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The secret life in the horse stalls

Home sweet home, or rather the story of horse stalls with some reflections from the horse’s point of view.

Anyone reading this article has probably thought this phrase at least once in their life: “I can’t wait to get home!” Because home is just that: security, peace, and solace. And when for a human home is a roof and walls with a nice door, for a horse the equivalent is the stall.

Let’s explain further: many see the stall as the horse’s resting place. Let’s make an extra effort: Have you ever wondered what happens inside the stalls? Know that, to begin with, something always happens in the stall. The horse’s nose explores every smallest space, searching for new smells and confirming those already known. Whiskers are ready to investigate, ears to pick up even the slightest change in the air. It’s always inhabited and alive: small animals, spiders, birds come to visit the horses. Stalls are communicative, horses talk to their neighbors, peek around the other side, listen, and hear what happens to their companions (“Wait, he’s going out and I’m not?” “Wait for me!” “Why does he eat first?” “That darn guy snored all night”).

We humans will never know precisely what happens because of the unwritten rule of equines: What happens in the stall stays in the stall.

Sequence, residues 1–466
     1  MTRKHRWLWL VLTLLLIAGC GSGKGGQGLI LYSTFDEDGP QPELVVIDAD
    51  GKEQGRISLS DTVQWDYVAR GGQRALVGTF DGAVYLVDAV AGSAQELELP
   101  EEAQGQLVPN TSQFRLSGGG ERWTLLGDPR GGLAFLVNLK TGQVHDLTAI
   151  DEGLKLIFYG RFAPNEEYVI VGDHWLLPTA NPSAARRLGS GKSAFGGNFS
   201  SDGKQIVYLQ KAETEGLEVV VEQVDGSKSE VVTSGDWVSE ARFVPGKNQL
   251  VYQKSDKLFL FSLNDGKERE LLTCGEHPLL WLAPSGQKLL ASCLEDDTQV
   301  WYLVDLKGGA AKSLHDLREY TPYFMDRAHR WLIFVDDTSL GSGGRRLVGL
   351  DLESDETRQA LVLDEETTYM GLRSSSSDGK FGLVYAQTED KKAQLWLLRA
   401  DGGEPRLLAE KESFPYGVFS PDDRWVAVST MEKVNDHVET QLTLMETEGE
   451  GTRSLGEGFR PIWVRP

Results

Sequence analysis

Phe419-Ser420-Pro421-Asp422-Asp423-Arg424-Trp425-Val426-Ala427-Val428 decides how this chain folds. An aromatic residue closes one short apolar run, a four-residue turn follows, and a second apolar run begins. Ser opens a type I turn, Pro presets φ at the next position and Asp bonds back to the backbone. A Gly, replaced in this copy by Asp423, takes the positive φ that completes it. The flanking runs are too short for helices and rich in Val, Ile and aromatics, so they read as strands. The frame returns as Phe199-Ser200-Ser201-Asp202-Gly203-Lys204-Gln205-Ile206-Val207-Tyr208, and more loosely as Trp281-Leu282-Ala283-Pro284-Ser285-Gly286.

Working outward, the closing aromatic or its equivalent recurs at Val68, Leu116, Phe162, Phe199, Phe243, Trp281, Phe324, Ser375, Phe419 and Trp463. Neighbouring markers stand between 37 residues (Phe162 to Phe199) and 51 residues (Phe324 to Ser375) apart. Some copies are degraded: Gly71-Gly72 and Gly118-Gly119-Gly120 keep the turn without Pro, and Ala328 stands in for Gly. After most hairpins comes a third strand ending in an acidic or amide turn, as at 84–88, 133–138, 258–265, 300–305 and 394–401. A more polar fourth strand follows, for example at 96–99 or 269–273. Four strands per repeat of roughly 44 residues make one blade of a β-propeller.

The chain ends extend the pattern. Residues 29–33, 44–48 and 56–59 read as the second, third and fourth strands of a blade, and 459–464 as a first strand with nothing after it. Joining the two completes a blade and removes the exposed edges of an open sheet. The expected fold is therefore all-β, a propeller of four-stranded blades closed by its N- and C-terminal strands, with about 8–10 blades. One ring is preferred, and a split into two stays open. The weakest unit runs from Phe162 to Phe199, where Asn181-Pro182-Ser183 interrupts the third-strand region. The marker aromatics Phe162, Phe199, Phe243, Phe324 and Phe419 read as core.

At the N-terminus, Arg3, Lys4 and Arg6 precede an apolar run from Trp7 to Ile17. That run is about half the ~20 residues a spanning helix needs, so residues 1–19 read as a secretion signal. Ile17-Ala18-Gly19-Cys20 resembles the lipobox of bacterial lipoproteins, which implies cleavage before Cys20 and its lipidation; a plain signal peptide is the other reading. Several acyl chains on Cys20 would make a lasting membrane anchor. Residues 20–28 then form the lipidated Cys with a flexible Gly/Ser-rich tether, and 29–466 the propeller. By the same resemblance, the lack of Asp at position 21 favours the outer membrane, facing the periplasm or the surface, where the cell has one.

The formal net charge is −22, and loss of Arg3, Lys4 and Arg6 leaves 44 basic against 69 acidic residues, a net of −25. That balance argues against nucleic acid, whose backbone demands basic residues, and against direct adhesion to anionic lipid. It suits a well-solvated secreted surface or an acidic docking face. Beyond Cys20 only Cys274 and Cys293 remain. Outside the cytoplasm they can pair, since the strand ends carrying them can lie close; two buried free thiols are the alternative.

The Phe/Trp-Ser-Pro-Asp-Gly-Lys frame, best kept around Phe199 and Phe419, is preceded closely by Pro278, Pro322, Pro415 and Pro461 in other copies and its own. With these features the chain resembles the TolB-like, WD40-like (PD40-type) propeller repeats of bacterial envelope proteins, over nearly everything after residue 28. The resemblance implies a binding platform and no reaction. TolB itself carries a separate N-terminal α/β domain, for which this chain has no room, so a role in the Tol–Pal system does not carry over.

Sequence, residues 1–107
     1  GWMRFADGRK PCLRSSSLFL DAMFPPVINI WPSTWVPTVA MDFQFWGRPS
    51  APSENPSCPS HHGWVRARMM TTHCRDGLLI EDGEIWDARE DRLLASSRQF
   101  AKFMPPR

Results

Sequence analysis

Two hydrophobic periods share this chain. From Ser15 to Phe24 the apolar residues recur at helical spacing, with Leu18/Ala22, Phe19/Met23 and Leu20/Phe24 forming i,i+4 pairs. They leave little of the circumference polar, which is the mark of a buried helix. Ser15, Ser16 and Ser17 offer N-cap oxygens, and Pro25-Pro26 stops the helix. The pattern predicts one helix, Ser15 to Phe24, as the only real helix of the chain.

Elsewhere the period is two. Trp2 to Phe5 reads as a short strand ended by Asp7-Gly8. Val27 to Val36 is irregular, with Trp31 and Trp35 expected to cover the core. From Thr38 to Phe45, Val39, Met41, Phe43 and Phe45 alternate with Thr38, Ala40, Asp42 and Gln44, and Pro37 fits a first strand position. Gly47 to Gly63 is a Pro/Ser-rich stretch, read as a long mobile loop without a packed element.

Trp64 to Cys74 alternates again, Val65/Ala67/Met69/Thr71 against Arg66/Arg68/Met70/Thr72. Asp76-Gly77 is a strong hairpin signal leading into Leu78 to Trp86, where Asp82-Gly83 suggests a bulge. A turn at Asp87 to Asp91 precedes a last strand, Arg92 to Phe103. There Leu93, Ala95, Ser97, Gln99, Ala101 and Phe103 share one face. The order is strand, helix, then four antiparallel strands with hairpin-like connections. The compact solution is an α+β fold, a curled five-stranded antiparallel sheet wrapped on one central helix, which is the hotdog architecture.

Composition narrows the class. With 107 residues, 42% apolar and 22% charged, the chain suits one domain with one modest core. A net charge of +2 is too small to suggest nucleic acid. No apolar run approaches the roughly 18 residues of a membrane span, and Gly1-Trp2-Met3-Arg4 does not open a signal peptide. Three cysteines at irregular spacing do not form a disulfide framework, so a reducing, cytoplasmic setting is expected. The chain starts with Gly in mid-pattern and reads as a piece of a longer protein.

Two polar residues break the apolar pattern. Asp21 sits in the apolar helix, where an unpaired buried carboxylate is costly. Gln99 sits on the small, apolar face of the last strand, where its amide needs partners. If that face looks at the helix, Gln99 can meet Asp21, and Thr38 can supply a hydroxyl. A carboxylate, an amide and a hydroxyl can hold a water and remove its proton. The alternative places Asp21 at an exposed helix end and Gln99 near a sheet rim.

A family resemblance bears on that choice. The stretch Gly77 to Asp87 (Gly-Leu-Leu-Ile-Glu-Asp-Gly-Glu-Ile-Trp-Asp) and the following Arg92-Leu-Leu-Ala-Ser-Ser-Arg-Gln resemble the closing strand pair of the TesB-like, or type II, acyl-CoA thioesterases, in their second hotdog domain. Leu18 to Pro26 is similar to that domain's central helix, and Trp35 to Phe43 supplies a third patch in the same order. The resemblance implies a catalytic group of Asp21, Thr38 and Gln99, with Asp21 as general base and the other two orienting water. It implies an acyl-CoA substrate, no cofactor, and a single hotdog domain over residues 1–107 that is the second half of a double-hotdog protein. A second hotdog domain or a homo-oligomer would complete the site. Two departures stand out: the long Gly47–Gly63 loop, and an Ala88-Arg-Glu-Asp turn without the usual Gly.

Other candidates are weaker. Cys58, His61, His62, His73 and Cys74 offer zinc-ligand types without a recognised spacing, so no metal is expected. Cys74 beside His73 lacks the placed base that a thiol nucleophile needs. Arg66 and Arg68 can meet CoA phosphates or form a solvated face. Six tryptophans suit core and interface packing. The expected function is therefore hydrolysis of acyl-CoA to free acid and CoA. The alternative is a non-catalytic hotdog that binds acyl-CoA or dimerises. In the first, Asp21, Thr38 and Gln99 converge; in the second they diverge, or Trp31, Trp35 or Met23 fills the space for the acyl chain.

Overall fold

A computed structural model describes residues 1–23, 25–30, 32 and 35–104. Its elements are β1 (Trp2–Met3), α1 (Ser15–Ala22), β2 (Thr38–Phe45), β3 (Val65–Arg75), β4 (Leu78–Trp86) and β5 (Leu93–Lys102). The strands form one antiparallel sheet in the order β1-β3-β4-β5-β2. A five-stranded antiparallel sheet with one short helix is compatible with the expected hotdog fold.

And yet we adore that environment. Built with the precious work of generous dads, they are made with the well-being of their guests in mind: the new, fragrant wood is brought in long, heavy planks, placed against each other and expertly assembled. The floor is covered in shavings: not at all dusty, it smells of wood so much that it fills my nostrils even though, finely cut as it is, I always end up bringing home quite a bit – indeed, it has the extraordinary power to stick to socks ending up in the thin layer between sole and footbed.

The hay, fresh and fragrant, is that harvested in autumn from the fields nearby: yellow like the summer sun setting, it reveals among its stems dry flowers, like chamomile (what a wonderful scent!), and some blades of very green alfalfa.

Ultimately, the stall is an indispensable place: it is always open and frequented by the smells and sounds of life. We can approach and have our horse within an arm’s reach, until we can smell him (because, as we know, the scent of a horse is fragrance and not just a simple odor).

In the stall, the first and last encounter between us and him takes place, the beginning and the end of our time together, the “hello, here I am! How are you today?” and the “see you tomorrow, wait for me.” It is here that new ideas are born (for example, the desire to buy that amazing saddle pad, and why not, also the lavender detangler for the tail, or the decision, once out of the field, to take a ride outside passing by the river instead of taking the bridge) and unexpected experiences (like receiving a gentle nudge with the head in return for a cuddle or a crazy tail swipe in the eye – he probably mistook us for a fly, or a painful foot stomp!).

Are these subtleties kept hidden or are we, in our frenzy, just not noticing them? What would change if the first contact started right from here, from what is normally kept aside?

From now on, when you hear about a stall, don’t think of four walls (it would be decidedly offensive to the horse tenant), but rather of a reality parallel to ours where only the horses know what really happens.


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